University of California San Diego School of Medicine researchers say they were able to use phage therapy in mice to treat alcoholic liver disease.This form of therapy involves using viruses to destroy bacteria.
"We not only linked a specific bacterial toxin to worse clinical outcomes in patients with alcoholic liver disease, we found a way to break that link by precisely editing gut microbiota with phages,"senior author Bernd Schnabl, MD, professor of medicine and gastroenterology at UC San Diego School of Medicine and director of the National Institutes of Health-funded San Diego Digestive Diseases Research Center, told a news portal.
Almost 75 per cent of patients with severe alcoholic hepatitis ( the most serious form of alcohol-related liver disease) reportedly die within three months of diagnosis. While corticosteroids are commonly used to treat he health issue, they are not always effective.
Experts say early liver transplantation is currently the best way to tackle the medical condition. However, this option is not available to many patients and is not available in many medical centres. In the United States (US), there are reportedly on 8,000 liver transplants annually.
Researchers say alcohol can damage the liver cells and reduce the natural gut antibiotics, which can cause bacterial growth in the liver and cause the alcohol-induced liver disease to worsen.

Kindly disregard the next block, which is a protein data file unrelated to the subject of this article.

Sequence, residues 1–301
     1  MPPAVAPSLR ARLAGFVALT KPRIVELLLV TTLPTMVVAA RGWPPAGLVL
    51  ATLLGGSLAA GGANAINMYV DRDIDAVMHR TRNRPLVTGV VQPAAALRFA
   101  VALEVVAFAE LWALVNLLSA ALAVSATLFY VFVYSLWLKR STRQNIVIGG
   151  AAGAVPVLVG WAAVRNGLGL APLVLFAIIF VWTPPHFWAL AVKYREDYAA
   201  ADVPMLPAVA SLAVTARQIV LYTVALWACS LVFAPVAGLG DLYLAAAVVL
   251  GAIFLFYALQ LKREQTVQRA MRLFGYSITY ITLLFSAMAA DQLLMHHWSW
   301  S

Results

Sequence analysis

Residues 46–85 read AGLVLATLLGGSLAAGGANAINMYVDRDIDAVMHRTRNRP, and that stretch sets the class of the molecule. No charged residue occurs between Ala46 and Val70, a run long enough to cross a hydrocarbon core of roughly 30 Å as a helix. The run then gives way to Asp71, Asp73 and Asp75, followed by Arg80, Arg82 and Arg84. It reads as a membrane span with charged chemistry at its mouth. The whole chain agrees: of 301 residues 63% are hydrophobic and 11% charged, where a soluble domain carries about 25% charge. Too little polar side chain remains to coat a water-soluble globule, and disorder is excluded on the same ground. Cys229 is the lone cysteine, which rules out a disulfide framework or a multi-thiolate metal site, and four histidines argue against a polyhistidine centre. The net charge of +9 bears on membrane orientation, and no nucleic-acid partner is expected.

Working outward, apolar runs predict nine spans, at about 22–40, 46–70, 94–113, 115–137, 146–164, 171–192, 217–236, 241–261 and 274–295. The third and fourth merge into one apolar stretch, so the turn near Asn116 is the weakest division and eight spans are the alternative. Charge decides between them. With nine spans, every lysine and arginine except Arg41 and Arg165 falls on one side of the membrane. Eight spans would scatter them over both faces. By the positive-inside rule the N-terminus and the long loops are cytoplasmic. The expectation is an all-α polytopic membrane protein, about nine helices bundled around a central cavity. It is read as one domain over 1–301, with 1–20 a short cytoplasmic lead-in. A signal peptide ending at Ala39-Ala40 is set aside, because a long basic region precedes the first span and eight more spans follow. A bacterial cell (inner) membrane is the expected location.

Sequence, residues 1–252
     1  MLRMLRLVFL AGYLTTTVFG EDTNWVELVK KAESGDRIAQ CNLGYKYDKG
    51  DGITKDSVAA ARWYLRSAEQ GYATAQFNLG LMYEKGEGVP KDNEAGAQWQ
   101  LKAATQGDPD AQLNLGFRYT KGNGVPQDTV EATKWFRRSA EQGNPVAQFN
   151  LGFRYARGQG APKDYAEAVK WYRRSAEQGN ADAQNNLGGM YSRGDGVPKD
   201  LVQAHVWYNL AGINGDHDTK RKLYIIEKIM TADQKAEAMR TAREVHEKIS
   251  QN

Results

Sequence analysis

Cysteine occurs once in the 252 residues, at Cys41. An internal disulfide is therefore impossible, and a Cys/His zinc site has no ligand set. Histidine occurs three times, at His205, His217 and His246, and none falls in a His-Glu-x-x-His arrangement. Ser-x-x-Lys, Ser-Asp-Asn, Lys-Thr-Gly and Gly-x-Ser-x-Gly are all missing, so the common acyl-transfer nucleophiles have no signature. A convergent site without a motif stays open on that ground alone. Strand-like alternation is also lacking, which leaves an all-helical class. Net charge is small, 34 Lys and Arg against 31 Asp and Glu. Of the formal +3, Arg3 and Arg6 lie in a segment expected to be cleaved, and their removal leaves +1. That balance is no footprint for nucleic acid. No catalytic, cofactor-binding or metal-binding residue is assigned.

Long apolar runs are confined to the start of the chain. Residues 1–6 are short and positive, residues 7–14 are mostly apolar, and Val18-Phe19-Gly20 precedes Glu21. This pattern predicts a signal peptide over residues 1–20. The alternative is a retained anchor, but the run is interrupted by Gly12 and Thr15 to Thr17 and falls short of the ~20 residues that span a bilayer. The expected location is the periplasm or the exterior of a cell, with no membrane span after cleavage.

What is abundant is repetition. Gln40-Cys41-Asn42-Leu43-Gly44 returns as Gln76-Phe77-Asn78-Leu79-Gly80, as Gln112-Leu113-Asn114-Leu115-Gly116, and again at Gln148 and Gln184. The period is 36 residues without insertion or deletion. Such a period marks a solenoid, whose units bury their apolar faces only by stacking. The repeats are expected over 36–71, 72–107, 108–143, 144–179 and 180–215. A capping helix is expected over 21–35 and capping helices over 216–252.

"Based on this finding, we believe detection of the cytolysin-gene in faeces from patients with alcoholic hepatitis could be a very good biomarker for liver disease severity and risk of death," Schnabl told a news portal. Adding, "One day we might be able to select patients for tailored therapies based on their cytolysin status."
To test how effective phage therapy could be to treat this condition, the team used different phages from sewage water that could fight cytolysin-producing E. faecalis. When mice were treated with these phages, the team discovered alcohol-induced liver disease was eradicated. "This phage therapy has only so far been tested in mice, and a clinical trial will be required to test the safety of this approach, and validate our findings in patients with alcoholic hepatitis," Schnabl told a news portal.
Further research is needed to fully explore this potential treatment. The study's findings were originally published in the journal Nature.
Picture Courtesy: Google Images